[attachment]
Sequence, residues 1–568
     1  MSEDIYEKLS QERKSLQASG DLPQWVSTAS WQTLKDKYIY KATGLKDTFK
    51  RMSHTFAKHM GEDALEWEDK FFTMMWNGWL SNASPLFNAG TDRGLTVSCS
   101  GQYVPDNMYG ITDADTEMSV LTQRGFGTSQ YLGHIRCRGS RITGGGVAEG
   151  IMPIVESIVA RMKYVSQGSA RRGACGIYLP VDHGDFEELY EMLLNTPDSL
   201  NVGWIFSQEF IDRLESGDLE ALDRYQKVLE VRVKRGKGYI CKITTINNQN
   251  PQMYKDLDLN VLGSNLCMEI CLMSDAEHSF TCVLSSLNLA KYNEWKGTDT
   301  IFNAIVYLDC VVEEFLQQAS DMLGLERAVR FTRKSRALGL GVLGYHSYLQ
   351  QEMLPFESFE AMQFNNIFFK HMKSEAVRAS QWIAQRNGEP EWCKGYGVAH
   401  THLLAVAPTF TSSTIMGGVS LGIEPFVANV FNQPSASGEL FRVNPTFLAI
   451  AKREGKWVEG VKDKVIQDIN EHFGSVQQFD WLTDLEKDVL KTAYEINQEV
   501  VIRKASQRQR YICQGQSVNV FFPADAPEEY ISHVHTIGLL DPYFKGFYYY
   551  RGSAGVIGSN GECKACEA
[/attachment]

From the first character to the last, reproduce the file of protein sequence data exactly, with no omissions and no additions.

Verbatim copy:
Sequence, residues 1–568
     1  MSEDIYEKLS QERKSLQASG DLPQWVSTAS WQTLKDKYIY KATGLKDTFK
    51  RMSHTFAKHM GEDALEWEDK FFTMMWNGWL SNASPLFNAG TDRGLTVSCS
   101  GQYVPDNMYG ITDADTEMSV LTQRGFGTSQ YLGHIRCRGS RITGGGVAEG
   151  IMPIVESIVA RMKYVSQGSA RRGACGIYLP VDHGDFEELY EMLLNTPDSL
   201  NVGWIFSQEF IDRLESGDLE ALDRYQKVLE VRVKRGKGYI CKITTINNQN
   251  PQMYKDLDLN VLGSNLCMEI CLMSDAEHSF TCVLSSLNLA KYNEWKGTDT
   301  IFNAIVYLDC VVEEFLQQAS DMLGLERAVR FTRKSRALGL GVLGYHSYLQ
   351  QEMLPFESFE AMQFNNIFFK HMKSEAVRAS QWIAQRNGEP EWCKGYGVAH
   401  THLLAVAPTF TSSTIMGGVS LGIEPFVANV FNQPSASGEL FRVNPTFLAI
   451  AKREGKWVEG VKDKVIQDIN EHFGSVQQFD WLTDLEKDVL KTAYEINQEV
   501  VIRKASQRQR YICQGQSVNV FFPADAPEEY ISHVHTIGLL DPYFKGFYYY
   551  RGSAGVIGSN GECKACEA